Co-Developing Accessible Advanced AI
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Co-Developing Accessible Advanced AI
Use the future to build the present
Co-Developing Accessible Advanced AI
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5.5SyntheticBiology5.4Science ofthe Originsof Life5.3FutureEconomics5.2Future ofEducation5.1ComplexSystemsScience4.4Democracy-affirming Technologies4.1Science-basedDiplomacy4.2Advances inScience Diplomacy4.3Digital Technologiesand Conflict3.7InfectiousDiseases3.6Solar RadiationModification3.5OceanStewardship3.4SpaceResources3.3Future FoodSystems3.2WorldSimulation3.1Decarbonisation2.6FutureTherapeutics2.5Organoids2.4ConsciousnessAugmentation2.3RadicalHealthExtension2.2HumanApplicationsof GeneticEngineering2.1CognitiveEnhancement1.6CollectiveIntelligence1.5AugmentedReality1.4BiologicalComputing1.3Brain-inspiredComputing1.2QuantumTechnologies1.1AdvancedAIHIGHEST ANTICIPATIONPOTENTIAL
5.5SyntheticBiology5.4Science ofthe Originsof Life5.3FutureEconomics5.2Future ofEducation5.1ComplexSystemsScience4.4Democracy-affirming Technologies4.1Science-basedDiplomacy4.2Advances inScience Diplomacy4.3Digital Technologiesand Conflict3.7InfectiousDiseases3.6Solar RadiationModification3.5OceanStewardship3.4SpaceResources3.3Future FoodSystems3.2WorldSimulation3.1Decarbonisation2.6FutureTherapeutics2.5Organoids2.4ConsciousnessAugmentation2.3RadicalHealthExtension2.2HumanApplicationsof GeneticEngineering2.1CognitiveEnhancement1.6CollectiveIntelligence1.5AugmentedReality1.4BiologicalComputing1.3Brain-inspiredComputing1.2QuantumTechnologies1.1AdvancedAIHIGHEST ANTICIPATIONPOTENTIAL

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Co-Developing Accessible Advanced AI

    There are 56 artificial intelligence (AI) startups worth over $1 billion today. That is a testament to the enormous power of deep learning, which has found transformative applications in everything from finance to healthcare. These approaches require huge amounts of data and computational power, however, which means that advances are increasingly driven by a handful of large companies and governments.

    We are about to enter a “third wave” of AI that will imbue machines with “common sense” and reasoning capabilities, allowing much broader deployment, and increasing the breadth and depth of human-machine interactions. That makes it crucial that these advances are not shaped by narrow interests and that everyone can take part in the development of advanced AI and benefit from its use.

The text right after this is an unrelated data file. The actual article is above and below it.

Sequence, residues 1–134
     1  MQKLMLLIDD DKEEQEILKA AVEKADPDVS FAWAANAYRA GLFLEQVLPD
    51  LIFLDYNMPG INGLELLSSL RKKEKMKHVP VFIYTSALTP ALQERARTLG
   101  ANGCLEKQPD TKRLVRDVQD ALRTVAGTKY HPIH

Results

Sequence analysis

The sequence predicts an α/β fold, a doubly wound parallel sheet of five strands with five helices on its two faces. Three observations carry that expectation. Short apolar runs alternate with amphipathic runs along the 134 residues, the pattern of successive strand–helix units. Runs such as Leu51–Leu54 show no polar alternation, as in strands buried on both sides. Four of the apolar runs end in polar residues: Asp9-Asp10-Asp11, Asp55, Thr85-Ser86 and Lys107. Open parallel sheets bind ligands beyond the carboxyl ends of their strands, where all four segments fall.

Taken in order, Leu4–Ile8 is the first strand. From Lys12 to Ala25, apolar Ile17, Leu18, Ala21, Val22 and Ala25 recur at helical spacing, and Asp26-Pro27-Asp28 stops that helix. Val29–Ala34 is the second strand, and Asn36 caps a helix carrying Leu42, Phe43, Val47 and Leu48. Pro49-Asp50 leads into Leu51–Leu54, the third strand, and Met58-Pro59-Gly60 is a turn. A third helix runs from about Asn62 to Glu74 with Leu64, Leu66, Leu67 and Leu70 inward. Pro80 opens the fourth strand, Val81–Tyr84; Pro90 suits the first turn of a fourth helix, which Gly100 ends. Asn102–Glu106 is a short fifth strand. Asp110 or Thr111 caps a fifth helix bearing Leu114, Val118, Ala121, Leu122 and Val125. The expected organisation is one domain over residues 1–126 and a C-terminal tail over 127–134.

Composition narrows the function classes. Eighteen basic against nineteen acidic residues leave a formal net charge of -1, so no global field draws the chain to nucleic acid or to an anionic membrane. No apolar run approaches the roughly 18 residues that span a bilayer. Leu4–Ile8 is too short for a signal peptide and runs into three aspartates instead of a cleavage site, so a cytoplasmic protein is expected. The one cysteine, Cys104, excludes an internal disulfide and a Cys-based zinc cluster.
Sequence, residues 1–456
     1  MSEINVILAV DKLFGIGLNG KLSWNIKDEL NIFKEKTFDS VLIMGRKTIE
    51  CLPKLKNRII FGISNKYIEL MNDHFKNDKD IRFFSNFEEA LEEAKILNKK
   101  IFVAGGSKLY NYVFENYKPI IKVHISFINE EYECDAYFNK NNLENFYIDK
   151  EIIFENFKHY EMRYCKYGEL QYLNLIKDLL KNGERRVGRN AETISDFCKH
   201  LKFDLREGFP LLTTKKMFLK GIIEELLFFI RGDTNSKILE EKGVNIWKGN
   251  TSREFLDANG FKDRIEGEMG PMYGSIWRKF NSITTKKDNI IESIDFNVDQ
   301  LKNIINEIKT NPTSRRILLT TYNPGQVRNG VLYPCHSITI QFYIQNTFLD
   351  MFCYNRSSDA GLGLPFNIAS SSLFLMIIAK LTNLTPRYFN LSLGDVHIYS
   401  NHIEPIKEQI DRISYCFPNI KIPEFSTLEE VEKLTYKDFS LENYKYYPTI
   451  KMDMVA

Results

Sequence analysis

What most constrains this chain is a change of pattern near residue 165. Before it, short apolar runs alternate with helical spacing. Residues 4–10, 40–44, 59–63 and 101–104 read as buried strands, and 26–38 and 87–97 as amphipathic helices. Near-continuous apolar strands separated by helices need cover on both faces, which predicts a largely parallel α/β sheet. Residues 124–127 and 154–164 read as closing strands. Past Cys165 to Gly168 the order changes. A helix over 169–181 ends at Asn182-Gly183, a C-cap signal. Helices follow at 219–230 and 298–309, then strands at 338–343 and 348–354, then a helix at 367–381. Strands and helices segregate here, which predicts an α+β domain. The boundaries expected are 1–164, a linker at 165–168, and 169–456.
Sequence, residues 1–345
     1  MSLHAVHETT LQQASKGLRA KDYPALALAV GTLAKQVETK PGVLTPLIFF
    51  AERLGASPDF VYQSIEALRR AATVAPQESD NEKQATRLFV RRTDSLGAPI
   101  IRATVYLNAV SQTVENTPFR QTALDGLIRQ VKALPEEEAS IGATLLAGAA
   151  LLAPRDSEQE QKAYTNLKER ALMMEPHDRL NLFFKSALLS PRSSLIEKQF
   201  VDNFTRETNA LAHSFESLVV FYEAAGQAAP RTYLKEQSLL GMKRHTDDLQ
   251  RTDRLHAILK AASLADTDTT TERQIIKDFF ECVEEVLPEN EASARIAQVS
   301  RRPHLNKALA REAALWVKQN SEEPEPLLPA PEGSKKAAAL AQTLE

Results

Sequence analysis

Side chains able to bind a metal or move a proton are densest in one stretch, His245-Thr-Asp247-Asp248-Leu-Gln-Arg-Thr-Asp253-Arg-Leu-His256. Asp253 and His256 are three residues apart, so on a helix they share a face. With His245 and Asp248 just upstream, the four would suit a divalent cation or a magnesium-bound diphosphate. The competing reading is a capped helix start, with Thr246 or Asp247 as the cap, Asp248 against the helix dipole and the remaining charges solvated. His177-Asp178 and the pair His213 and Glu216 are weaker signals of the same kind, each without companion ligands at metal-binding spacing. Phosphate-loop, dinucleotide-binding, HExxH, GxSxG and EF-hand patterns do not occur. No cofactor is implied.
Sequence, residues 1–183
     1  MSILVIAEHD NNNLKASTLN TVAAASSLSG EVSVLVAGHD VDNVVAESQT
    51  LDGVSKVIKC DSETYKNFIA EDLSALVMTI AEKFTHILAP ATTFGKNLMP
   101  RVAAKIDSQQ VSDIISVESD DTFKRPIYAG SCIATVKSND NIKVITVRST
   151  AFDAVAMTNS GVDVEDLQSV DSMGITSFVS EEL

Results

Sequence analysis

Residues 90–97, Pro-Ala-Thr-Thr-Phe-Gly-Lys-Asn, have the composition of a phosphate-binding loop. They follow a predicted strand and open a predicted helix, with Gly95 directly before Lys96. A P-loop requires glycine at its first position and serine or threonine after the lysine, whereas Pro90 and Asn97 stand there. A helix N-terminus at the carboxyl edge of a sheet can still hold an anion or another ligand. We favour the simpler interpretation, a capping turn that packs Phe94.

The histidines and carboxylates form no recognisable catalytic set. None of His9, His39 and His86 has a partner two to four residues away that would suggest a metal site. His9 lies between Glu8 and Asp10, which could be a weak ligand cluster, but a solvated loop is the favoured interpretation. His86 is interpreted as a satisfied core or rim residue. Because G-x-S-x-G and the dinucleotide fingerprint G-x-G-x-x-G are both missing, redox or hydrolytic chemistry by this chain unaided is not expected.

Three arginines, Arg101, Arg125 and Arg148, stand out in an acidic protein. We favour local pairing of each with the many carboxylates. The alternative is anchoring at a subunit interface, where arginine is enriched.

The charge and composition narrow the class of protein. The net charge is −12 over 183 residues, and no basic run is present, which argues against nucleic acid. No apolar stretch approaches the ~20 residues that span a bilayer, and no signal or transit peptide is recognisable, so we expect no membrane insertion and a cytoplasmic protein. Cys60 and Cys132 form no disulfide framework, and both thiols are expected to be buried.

• What will the next generation of AI look like and how should we best prepare for it?
    • What priorities should inform the next stage of AI development?
    • How will advanced AI be able to address global challenges differently than today's technology?
    • What can we do to avoid “AI nationalism” and ensure broad access to the technology and applications developed on the basis of advanced AI?

    Takeaway messages

    The rise of AI is moving from data input to context and experience.
    Deep scepticism remains with AI algorithms, data sets and technology, which experts point out is culturally constructed. More regulation may be needed to prevent bias.
    Open source data and data-sharing in a fair and equitable way is essential to create new possibilities and solve scientific and technological problems.
    Science and technology organisations should incorporate people and strategies that reflect diverse sets of interests from the start when developing projects, not as an afterthought.
    Few scientific areas have not been impacted or completely revamped by the “pervasiveness” of advanced AI, and many things can go wrong if improperly used.
    Digital technologies and AI condition access to the world for an ever-larger group of people, making inclusiveness, representativeness and cultural biases ever more important.
    Inclusivity means building a table for everyone to gather around in the first place, not just adding seats.
    More reliance on 21^st century governance --- such as “soft law” that is not always enforceable but can be applied quickly through standards, practices, codes of conduct and insurance --- might be useful.